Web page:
This is the name given to the natural bump (a ‘huge knot’?) on the headland you cross when hiking the Beachcroft Trail on the northwest side of Champlain Mountain. In earlier times Huguenot Head (692’ up) was known as Round Peak or Picket Mountain.
According to the National Huguenot Society’s website, “The exact origin of the word Huguenot is unknown, but… Protestants who met to study the Bible in secret were called Huis Genooten, meaning ‘house fellows.’”
We do know that the Huguenots were French Protestants of the 16th and 17th centuries, most of whom followed the religious teachings of John Calvin. After thirty-six years of bitter religious wars ended in France in 1598, King Henry IV signed the Edict of Nantes, which granted the Huguenots the protection of their religious and civil liberties. (Henry, who had joined the Huguenot armies as a teenager, was raised a Protestant but converted to Catholicism before becoming king of France in 1589.)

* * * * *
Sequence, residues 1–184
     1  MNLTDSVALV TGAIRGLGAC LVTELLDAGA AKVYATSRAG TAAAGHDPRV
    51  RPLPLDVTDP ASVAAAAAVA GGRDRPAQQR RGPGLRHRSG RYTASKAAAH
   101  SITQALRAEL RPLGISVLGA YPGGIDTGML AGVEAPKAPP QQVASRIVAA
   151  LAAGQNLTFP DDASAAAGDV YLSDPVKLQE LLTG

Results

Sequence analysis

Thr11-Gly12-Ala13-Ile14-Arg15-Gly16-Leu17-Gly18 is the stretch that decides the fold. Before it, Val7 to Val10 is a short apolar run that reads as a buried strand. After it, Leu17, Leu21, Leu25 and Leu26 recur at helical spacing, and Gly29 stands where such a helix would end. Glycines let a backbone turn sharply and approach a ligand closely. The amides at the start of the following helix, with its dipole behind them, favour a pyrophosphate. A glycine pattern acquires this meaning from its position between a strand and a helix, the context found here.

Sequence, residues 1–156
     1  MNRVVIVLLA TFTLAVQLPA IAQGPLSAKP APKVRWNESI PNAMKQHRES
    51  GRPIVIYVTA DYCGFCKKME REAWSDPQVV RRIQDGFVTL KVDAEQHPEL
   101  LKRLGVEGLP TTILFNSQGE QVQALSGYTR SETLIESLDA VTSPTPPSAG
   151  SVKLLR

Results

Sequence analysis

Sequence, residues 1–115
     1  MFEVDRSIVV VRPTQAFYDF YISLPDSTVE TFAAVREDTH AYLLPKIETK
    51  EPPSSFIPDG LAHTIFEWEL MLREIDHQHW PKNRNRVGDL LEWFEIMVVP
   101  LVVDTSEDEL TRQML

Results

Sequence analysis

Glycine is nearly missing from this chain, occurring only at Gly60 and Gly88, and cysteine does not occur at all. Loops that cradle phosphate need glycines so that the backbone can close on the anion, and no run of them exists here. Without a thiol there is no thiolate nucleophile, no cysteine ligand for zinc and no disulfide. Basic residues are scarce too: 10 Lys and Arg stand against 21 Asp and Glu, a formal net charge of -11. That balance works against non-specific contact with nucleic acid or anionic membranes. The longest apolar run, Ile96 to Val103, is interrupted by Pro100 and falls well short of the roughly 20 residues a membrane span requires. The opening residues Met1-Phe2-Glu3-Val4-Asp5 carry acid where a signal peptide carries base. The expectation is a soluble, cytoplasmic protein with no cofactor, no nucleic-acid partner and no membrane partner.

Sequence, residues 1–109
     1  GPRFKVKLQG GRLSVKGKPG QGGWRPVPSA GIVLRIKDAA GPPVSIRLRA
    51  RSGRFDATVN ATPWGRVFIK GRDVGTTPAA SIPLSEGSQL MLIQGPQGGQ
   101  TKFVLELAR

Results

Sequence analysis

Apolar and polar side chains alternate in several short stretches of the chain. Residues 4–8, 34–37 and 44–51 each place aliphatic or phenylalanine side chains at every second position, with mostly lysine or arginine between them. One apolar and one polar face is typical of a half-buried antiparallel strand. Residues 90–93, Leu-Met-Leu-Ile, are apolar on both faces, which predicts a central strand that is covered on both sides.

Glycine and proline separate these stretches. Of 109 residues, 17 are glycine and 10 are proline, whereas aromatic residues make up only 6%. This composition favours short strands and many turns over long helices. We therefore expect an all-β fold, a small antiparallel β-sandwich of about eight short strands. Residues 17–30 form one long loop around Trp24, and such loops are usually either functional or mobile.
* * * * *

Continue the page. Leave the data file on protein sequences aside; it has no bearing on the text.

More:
The Huguenots enter into the story of Mount Desert Island because as king, Henry IV financed the early explorations of this area by his fellow Huguenot Pierre Dugua, aka Sieur de Monts. Dugua’s navigator Samuel de Champlain, who converted to Catholicism in 1603, had been born in a Huguenot coastal village, and served in Henry IV’s army against Catholic forces.
In October 1685, King Louis XIV revoked the Edict of Nantes, at which point some 400,000 Huguenots fled France for other, safer countries. Today only about 2% of the French population is Protestant.
Fun Fact: Famous historic figures with Huguenot ancestry include George Washington, Alexander Hamilton, Paul Revere, Davy Crockett, Henry David Thoreau, Henry Wadsworth Longfellow, Winston Churchill, and Franklin D. Roosevelt. More modern people on a similar list include Warren Buffett, Marlon Brando, Johnny Depp, Robert Duvall, Jean-Luc Godard, Al Gore, and Charlize Theron.